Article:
Jaundice is a term used
to describe the yellowing of the skin and the whites of the eyes. It's caused
by a build-up of a substance called bilirubin in the blood and body's tissues.
Any condition that disrupts the movement of bilirubin from the blood to the
liver and out of the body can cause jaundice. Bilirubin is a yellow pigment
that is formed by the breakdown of dead red blood cells (RBC) in the liver.
There are several ways that a build- up of bilirubin can occur:
If red blood cells broke down too early, the spleen gets overloaded and hence too much bilirubin is produced to be handled by the liver. Unprocessed bilirubin accumulates in the bloodstream and eventually the skin and eyes looks yellow. This condition is called hemolytic anemia. At times this condition is inherited. Hemolytic anemia may also occur as a side-effect of certain drugs.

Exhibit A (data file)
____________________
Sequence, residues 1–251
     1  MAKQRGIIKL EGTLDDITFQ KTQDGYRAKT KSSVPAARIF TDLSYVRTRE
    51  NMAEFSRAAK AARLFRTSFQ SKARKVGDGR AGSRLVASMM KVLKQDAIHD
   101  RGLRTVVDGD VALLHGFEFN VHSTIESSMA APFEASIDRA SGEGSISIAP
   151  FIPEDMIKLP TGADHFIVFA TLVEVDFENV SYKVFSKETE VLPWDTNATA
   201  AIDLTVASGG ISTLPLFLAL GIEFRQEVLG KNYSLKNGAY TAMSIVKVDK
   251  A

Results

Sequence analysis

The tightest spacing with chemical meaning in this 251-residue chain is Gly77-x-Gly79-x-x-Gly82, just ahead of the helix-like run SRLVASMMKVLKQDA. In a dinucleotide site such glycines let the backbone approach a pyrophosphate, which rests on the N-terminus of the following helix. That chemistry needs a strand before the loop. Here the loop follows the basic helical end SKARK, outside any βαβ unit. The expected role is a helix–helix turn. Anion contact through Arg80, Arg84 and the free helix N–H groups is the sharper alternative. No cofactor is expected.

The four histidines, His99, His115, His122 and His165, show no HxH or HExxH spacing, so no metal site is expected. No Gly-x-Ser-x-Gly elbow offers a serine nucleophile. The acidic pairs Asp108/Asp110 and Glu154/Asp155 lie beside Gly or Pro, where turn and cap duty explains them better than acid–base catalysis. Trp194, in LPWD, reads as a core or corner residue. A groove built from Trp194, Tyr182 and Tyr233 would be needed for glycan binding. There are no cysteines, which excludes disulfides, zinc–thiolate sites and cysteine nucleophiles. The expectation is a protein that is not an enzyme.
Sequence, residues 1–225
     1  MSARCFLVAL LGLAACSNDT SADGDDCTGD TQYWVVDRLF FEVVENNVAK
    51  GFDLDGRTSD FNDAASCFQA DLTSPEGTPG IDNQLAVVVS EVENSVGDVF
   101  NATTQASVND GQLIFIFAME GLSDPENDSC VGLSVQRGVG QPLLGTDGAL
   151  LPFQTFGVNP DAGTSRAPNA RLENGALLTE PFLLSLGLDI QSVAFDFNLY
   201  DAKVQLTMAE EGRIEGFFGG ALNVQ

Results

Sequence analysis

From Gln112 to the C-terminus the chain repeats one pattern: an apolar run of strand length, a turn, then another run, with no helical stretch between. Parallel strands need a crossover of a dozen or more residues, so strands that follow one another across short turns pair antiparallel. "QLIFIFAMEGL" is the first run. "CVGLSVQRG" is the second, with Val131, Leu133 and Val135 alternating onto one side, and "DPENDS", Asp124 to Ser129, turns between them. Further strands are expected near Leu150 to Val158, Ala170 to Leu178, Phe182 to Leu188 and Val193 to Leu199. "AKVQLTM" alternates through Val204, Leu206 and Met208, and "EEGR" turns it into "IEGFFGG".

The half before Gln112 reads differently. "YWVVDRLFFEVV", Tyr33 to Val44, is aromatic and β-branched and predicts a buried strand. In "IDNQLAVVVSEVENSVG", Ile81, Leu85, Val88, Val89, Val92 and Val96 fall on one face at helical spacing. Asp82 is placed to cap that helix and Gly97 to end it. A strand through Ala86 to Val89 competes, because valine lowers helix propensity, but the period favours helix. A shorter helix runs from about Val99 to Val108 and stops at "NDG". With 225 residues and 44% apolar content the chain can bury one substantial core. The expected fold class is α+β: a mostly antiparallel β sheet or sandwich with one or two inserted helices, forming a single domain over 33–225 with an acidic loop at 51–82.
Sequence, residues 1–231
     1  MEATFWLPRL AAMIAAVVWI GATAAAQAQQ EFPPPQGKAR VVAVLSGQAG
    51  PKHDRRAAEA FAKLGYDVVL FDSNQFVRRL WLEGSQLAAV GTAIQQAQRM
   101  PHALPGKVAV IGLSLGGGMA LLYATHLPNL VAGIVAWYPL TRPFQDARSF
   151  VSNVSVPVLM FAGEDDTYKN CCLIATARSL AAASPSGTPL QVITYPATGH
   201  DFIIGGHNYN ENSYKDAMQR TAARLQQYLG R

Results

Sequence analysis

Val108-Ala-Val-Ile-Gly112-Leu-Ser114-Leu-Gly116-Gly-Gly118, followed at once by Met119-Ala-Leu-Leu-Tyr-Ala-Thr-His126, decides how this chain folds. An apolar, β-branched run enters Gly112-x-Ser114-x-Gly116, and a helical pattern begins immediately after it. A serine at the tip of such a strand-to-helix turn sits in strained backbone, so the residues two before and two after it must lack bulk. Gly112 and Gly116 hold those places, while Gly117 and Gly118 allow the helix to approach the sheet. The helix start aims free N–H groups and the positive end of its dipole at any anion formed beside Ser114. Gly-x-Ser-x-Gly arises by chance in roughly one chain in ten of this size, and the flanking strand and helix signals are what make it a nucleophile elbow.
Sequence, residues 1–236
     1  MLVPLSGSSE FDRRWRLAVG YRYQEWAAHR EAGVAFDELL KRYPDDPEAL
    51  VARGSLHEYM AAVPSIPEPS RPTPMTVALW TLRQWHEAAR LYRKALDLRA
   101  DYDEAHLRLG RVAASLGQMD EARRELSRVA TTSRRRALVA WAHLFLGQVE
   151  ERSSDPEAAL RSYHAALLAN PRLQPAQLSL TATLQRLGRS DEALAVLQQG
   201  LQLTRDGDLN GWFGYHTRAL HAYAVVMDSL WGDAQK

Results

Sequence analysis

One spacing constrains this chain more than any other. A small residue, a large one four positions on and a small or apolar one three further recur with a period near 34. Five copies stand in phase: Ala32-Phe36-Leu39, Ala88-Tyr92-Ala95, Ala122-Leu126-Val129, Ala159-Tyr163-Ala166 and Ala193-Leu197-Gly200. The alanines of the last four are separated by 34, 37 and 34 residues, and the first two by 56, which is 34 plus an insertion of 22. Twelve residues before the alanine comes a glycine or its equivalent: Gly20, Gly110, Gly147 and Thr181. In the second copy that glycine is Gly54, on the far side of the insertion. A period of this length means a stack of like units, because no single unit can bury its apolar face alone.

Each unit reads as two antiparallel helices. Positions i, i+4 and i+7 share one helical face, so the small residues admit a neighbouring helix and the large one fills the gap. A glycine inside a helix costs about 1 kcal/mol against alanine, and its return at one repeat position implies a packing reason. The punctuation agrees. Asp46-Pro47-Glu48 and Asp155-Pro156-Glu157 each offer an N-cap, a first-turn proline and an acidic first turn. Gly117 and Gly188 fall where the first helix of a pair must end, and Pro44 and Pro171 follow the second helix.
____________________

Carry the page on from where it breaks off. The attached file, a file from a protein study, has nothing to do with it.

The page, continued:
Sometimes the trouble is in the liver cells. If there is a faulty uptake, processing or excretion of bilirubin it will result in an accumulation of bilirubin in the bloodstream. Newborn babies can be temporarily jaundiced because of lack of mature enzymes needed to process bilirubin. In adults, alcoholism is a common cause of damage to liver cells. Other toxins and certain drugs can also cause acute damage to the liver.
A blockage in the bile duct can also result in a build-up of fully processed bilirubin. This can spill over into the urine and cause it to become very dark. The blockage is most commonly caused by a gallstone.